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American Campus Communities (ACC) is a real estate investment trust (a “REIT”) that bills itself as “…one of the nation's largest developers, owners and managers of high-quality student housing communities.”[i] I believe ACC will be forced to reduce the dividend to 26¢ per share (or lower) in the next few weeks in order to remain in compliance with certain debt covenants.

I am not suggesting that student housing is a bad line of business. While most investors tend to get focus on what a company does, I like to focus on how well a company executes. This analysis is focused on ACC’s financial condition and the dividend as a function of Funds From Operations ("FFO")[ii] per their debt covenants. In addition, I believe that ACC has very serious problems with its capital structure and, therefore, the common stock is severely overpriced, fundamentally weak and an excellent short opportunity. I believe this could be the greatest short opportunity of 2009.
ASSUMPTIONS
My analysis is based on the following assumptions:
(i) Q1-2009 FFO will be stable (not higher than Q4-2008)
(ii) ACC will be unable to amend the applicable debt covenant
I think these assumptions are fair. First, Q1-2009 FFO should not be significantly higher than Q4-2008 since the student housing (dorm) business is focused around the university calendar. Most students enroll in August and September, so I would expect that dorm revenues will not increase significantly in the first quarter. If anything, I would expect first quarter revenues to fall since some students will dropout. In any case, for this analysis I will assume that FFO will simply remain stable from the fourth quarter of 2008. Second, I think it is fair to assume that ACC’s debt covenants will not be modified since it is in the best interest of lenders not to allow payouts to junior equity. Lenders will want ACC to remain as well capitalized as possible to ensure full loan repayment.
THE DEBT COVENANT
My thesis is based on the following language from the “Second Amendment to the First Amended and Restated Credit Agreement” that was filed as Exhibit 10.1 to ACC’s 10Q filed on November 10, 2008:

By deleting subsection (i) of Section 5.02(g) of the Loan Agreement in its entirety and inserting in lieu thereof the following: “(i) no Default or Event of Default shall have occurred and be continuing at the time of declaration or payment thereof and the aggregate amount of such Cash dividends or distributions, together with the aggregate amount of Cash dividends or distributions made during the applicable period pursuant to the immediately following clause (ii), (A) do not exceed 115% of Funds From Operations for the current four fiscal quarter periods of Parent Guarantor ending September 30, 2008 and December 31, 2008, (B) do not exceed 110% of Funds From Operations for the current four fiscal quarter period of Parent Guarantor ending March 31, 2009, (C) do not exceed 100% of Funds from Operations during any other four consecutive fiscal quarters of the Parent Guarantor thereafter, and (D) do not exceed 100% of Funds From Operations during any one fiscal quarter for the fiscal quarters of the Parent Guarantor ending on December 31, 2008 and March 31, 2009,” [emphasis added]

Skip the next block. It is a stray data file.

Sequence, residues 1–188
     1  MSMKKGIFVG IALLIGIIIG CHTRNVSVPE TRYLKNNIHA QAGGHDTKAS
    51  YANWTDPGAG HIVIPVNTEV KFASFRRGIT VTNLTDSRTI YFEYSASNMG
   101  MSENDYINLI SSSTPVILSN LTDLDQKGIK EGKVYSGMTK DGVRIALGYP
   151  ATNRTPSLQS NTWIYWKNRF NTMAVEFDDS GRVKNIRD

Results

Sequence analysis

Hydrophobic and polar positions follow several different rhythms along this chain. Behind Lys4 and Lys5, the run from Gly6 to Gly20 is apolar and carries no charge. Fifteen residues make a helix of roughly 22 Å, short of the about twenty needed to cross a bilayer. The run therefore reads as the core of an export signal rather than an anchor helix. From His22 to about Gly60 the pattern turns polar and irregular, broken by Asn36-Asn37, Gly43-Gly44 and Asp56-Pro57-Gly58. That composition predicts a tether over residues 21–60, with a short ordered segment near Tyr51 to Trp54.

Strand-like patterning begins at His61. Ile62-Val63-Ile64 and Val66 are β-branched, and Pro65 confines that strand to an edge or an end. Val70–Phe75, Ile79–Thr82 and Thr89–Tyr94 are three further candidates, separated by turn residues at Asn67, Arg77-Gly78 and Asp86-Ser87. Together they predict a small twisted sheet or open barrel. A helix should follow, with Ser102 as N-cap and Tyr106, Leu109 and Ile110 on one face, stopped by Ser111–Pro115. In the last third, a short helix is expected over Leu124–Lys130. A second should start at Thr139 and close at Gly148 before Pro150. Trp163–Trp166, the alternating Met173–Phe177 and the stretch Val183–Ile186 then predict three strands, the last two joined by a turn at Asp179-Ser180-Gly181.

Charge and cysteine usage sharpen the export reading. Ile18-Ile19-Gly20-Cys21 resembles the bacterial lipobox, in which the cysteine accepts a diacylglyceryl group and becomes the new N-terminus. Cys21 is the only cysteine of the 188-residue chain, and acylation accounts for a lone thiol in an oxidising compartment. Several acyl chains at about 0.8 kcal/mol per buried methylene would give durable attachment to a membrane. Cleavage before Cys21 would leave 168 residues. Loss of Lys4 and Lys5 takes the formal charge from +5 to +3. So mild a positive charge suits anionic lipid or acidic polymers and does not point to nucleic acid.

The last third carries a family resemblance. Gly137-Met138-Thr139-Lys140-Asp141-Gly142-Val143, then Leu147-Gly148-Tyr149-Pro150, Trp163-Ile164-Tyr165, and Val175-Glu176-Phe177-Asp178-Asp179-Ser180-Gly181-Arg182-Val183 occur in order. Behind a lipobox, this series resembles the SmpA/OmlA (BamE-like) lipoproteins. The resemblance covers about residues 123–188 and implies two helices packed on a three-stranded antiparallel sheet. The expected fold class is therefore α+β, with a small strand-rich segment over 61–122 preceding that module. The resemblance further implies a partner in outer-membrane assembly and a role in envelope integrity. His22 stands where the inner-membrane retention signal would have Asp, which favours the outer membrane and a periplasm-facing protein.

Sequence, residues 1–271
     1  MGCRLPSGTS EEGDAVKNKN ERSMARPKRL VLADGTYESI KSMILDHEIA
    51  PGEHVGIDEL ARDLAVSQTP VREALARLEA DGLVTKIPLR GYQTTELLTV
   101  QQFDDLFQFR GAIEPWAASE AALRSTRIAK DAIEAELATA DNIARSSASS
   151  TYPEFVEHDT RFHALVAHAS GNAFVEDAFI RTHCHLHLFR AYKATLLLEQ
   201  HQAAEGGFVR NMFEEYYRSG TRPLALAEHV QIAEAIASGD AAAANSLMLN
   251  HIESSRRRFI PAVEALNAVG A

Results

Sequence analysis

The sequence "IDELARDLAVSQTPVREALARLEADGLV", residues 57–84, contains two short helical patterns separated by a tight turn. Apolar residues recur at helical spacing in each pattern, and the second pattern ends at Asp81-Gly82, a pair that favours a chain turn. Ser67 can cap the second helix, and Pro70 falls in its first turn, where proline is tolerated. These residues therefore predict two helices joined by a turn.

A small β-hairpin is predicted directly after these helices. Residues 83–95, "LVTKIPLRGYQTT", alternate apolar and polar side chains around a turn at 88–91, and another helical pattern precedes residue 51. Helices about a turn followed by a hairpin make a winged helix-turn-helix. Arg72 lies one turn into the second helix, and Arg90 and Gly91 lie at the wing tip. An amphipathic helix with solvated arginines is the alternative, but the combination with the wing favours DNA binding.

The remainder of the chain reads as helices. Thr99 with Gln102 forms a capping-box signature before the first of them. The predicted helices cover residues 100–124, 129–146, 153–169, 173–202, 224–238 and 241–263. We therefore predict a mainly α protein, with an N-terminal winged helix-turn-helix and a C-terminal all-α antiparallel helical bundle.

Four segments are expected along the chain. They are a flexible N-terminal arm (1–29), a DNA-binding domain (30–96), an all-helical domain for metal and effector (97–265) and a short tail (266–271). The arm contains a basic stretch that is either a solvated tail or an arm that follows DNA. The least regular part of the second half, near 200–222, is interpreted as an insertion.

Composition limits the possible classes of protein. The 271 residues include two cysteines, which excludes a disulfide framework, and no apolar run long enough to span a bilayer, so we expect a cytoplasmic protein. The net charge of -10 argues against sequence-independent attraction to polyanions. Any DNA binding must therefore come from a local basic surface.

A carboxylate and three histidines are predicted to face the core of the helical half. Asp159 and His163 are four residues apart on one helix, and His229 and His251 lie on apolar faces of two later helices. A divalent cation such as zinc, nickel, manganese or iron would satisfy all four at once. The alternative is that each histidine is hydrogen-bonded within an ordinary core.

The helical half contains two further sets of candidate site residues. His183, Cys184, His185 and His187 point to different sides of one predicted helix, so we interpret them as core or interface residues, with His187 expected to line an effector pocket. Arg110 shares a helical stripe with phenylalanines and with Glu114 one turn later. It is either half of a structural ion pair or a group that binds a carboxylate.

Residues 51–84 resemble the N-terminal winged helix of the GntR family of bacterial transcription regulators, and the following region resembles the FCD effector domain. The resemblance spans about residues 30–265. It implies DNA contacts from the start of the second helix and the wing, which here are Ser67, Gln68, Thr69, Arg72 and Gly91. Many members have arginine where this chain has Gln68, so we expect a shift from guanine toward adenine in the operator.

So what exactly does this all of legal mumbo-jumbo mean? Since we just finished the quarter ending March 31, 2009 (2009-Q1), we only need to concentrate on the underlined text. That text basically requires that the upcoming dividend plus the previous three dividends cannot be more than 110% of FFO for Q1-2009 and the previous three quarters.
THE MATHEMATICS & ANALYSIS
The above referenced covenant can be expressed mathematically as the following equation:
d₁ + d₂ + d₃ + d₄ ≤ 1.10 (f₁ + f₂ + f₃ + f₄)
Where:

d₁ = Aggregate Dividend announced Q2-2009
d₂ = Aggregate Dividend announced Q1-2009
d₃ = Aggregate Dividend announced Q4-2008
d₄ = Aggregate Dividend announced Q3-2009
f₁ = Aggregate FFO for Q1-2009
f₂ = Aggregate FFO for Q4-2008
f₃ = Aggregate FFO for Q3-2008
f₄ = Aggregate FFO for Q2-2008

Using distributive property, the equation can be restated as:
d₁ + d₂ + d₃ + d₄ ≤ 1.10f₁ + 1.10f₂ + 1.10f₃ + 1.10f₄
Most of these variables are now known constants since these numbers have been previously released by ACC in their SEC filings. The only remaining unknown variables are d₁ and f₁. However, since we can reasonably estimate f₁ by assuming it will be constant from Q4-2009, we can solve for d₁ by rearranging the equation and plugging in our other constants.
Here are the constants that we know:

Variable
Metric
Amount
d₁ =
Aggregate Dividend announced Q2-2009 =
?
d₂ =
Aggregate Dividend announced Q1-2009 =
$14,276,250
d₃ =
Aggregate Dividend announced Q4-2008 =
$14,403,000
d₄ =
Aggregate Dividend announced Q3-2009 =
$12,517,000
f₁ =
Aggregate FFO for Q1-2009 =
$15,232,000
f₂ =
Aggregate FFO for Q4-2008 =
$15,232,000
f₃ =
Aggregate FFO for Q3-2008 =
$6,372,000
f₄ =
Aggregate FFO for Q2-2008 =
$10,589,000
The amounts shown above were compiled from quarterly and annual SEC filings.
The amount shown for f₁ assumes stable quarterly FFO from 2008 Q4.